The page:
Has the proportion of good degrees awarded by universities changed? Nicola Bright, Andrew Hindmarsh and Bernard Kingston examine the claim that institutions are guilty of grade inflation.
Almost all broadsheet newspapers publish university league tables using perceived measures of quality. Most, including The Times , which published its first ranking almost ten years ago, include degree classes as one of their measures.
Using good honours degrees as a measure of quality has met with criticism, not least because, it is argued, universities themselves are judge and jury in deciding their pass lists.
Although it is moderated by the external examiner system, degree class probably remains the softest measure used in league tables. But it is the primary measure of individual success at undergraduate level and deserves a place in any ranking of quality.
In compiling the Times league tables, which are expanded in The THES , we have assembled five years' worth of good-quality data (1995-99) on UK universities and are able with some confidence to look at longitudinal trends.
Changes in the degree classification measure over that five-year period shed light on the debate about "more means worse", dumbing-down in education, and grade inflation in school and university qualifications.
According to some commentators, league tables create perverse incentives, with universities under pressure to give more firsts.
Some may consciously monitor their position relative to comparator universities through their formal structure. Others may subconsciously, at departmental level, be mindful of the proportion of good degrees they award.
So how has the proportion of good degrees awarded by universities changed? In this analysis we have included all 97 universities that appear in The Times Good University Guide 2002 .
Much of the source material comes from the universities themselves via their annual returns to the Higher Education Statistics Agency.
We use firsts plus upper seconds as a proportion of all honours degrees awarded, and since 1997-98, have included unclassified "enhanced" first degrees.
Because the 1994-95 data for the Scottish universities failed to take full account of the ordinary degree, that year's results for Scotland have not been used. Thereafter, the Scottish ordinary degree numbers were excluded from the data alongside medical and related unclassified degrees.
Data were unavailable for Lincolnshire and Humberside, Luton and the School of Oriental and African Studies for 1994-95 and for Soas for 1995-96. The data are unadjusted for subject mix, although we are well aware of a significant spread within the 40-70 per cent range.
Those universities awarding the highest and lowest proportion of good honours were looked at in more detail.
Finally, changes within individual universities over time have been examined. The values of the summary location statistics (maximum, median, minimum and mean) show an increasing trend over the years (see graph). Variation in awards has been fairly consistent over the period.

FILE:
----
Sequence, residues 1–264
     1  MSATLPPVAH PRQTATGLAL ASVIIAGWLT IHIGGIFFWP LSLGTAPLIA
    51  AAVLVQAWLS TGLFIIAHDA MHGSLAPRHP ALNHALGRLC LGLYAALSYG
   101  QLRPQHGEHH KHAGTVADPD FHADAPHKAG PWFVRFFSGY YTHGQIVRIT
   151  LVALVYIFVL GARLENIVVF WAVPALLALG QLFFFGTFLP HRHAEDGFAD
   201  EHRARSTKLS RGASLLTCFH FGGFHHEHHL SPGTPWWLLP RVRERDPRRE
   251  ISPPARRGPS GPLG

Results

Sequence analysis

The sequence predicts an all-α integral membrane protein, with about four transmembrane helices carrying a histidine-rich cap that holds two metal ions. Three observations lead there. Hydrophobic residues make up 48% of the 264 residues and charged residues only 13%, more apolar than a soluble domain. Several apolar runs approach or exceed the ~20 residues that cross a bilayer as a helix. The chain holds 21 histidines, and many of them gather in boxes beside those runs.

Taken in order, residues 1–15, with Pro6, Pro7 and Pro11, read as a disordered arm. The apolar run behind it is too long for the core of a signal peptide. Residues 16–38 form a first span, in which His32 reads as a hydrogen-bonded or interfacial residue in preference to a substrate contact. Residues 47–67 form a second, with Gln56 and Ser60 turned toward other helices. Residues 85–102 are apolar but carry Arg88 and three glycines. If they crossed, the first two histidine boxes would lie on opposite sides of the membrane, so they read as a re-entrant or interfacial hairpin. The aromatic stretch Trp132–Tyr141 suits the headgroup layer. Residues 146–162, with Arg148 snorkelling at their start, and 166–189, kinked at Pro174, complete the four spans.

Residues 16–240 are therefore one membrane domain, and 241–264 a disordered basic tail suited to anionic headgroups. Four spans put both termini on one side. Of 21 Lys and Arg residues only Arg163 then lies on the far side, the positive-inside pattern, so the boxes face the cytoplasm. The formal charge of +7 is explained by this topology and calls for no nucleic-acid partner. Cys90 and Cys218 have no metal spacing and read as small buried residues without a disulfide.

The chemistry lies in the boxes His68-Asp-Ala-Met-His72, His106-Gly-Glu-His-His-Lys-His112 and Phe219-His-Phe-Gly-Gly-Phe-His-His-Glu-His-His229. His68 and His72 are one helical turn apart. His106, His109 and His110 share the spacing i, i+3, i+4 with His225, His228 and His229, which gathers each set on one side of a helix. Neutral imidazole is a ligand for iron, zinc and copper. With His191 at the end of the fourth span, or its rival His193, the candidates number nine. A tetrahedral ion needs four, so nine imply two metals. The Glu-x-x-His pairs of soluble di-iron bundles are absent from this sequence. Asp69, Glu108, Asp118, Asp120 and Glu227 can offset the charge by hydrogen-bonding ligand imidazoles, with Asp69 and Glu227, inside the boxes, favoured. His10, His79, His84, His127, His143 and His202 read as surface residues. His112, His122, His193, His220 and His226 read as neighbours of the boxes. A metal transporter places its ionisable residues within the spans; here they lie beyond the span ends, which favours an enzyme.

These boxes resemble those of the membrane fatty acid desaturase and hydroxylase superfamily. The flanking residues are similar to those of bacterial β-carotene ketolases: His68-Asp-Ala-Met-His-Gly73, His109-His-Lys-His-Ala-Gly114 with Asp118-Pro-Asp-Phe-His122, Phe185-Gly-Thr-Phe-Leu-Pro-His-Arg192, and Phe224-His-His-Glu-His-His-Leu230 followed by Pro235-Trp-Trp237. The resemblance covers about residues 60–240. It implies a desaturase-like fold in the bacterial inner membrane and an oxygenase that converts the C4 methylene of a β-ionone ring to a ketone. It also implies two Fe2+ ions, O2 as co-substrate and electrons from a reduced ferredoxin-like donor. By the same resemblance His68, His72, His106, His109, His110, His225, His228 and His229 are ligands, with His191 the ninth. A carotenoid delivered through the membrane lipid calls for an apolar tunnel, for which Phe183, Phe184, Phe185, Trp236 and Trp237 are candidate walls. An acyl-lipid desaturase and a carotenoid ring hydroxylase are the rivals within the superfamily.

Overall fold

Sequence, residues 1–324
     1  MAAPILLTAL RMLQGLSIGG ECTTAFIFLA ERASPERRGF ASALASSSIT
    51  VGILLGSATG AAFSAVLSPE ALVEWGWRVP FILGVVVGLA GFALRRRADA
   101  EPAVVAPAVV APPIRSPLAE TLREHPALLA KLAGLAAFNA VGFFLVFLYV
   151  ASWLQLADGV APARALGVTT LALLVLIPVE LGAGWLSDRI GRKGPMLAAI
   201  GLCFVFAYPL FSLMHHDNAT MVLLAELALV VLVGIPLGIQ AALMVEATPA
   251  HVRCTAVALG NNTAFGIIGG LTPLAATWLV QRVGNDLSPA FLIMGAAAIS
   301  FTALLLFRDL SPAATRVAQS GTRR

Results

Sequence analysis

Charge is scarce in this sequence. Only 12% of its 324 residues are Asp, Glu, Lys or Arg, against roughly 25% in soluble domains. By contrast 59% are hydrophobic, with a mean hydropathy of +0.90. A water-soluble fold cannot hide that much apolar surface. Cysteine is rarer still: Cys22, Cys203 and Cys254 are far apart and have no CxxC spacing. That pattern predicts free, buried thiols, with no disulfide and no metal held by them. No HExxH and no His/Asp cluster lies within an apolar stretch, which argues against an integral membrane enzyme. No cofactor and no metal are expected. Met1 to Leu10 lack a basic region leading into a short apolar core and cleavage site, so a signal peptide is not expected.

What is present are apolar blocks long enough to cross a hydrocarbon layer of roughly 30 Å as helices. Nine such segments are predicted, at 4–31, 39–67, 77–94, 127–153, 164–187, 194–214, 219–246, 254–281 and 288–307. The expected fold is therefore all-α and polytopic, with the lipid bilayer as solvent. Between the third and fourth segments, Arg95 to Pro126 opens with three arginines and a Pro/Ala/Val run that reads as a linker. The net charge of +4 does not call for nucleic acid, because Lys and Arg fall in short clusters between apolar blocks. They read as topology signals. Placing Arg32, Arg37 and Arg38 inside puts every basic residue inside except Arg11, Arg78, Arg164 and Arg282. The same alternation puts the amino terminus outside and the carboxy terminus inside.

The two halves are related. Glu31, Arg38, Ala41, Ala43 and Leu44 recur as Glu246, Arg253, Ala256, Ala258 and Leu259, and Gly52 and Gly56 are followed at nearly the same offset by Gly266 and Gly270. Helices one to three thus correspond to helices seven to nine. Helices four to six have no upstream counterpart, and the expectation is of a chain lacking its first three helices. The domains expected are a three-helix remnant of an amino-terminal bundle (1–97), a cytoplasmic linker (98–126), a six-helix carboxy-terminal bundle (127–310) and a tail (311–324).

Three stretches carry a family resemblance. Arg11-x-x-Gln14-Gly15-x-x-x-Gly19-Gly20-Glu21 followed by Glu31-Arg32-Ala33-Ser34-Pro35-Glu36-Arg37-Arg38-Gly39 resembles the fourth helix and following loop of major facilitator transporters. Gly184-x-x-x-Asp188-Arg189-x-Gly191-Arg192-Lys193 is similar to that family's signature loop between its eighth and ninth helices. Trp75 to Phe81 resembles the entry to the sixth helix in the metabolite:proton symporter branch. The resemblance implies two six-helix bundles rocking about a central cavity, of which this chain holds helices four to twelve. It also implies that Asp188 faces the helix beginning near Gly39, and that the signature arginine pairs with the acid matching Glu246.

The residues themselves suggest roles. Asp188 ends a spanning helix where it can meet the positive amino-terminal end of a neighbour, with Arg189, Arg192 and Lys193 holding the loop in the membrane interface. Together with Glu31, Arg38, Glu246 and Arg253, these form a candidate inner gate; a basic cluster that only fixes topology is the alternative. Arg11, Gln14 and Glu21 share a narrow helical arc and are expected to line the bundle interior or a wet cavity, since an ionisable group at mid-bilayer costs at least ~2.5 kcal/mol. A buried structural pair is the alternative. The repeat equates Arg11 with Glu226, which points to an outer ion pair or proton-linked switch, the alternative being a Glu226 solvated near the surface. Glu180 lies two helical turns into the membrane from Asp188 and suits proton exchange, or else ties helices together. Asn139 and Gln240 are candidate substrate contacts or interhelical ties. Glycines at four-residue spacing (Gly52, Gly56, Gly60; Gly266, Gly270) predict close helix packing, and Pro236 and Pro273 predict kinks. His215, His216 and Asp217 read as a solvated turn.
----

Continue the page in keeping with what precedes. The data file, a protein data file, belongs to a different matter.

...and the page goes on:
Cambridge has awarded the highest proportion of good degrees and this percentage has gradually increased year on year from 84.4 to 88.9 per cent.
But it has been pointed out to us that Cambridge reports its degree classifications to Hesa in a slightly different way from other universities by providing the better of the Part I or Part II Tripos and not the final degree result.
This will inevitably inflate its proportion of good first degrees. Bristol, Nottingham and Oxford universities have been consistently in the top ten, with Edinburgh and St Andrews universities joining them from 1995-96 onwards. All the institutions identified in this category are old universities.
Greenwich, South Bank, London Guildhall and Thames Valley are the most consistently low-scoring universities. With the exception of Lampeter in 1997-98, all the institutions are new universities.
Universities displaying most and least variation in their percentage of good degrees come from across the sector.
Oxford, which is in the group with the widest variation, indicating significant change over the five years, started from a high base and has risen even higher.
There has been a slight increase overall in the proportion of good honours graduates leaving UK universities over the years from 1994-95 to 1998-99 - but not to the extent that many observers might have anticipated.
But within that modest upward drift overall, there have been some major movements for a group of individual universities, many of 10 percentage points or more.
Thus, overall, there is no dramatic evidence of widespread change in standards as expressed by degree results. In fact, a greater increase in good degrees might perhaps have been expected, given the fact that A-level performance has increased year on year.
But there has been considerable variation at institutional level, although the reasons for this have to be left to speculation. This individual variation looks, in some cases, to be much greater than the variation in entry standards over the same period.
Can these changes be put down to student effort, teaching standards, the examination system or all three? Probably all three, but there are fewer checks and balances in place to ensure comparability of standards from year to year or from institution to institution than there are, for example, in the A-level system.
Debates about standards are not likely to go away. Degree classification itself has been criticised, and many, including the Quality Assurance Agency, have called for its replacement with some form of personal profile.
Nicola Bright runs a consultancy, Bright Statistics. Andrew Hindmarsh and Bernard Kingston are partners in Mayfield University Consultants. Comments are welcome at: firstname.lastname@example.org </a>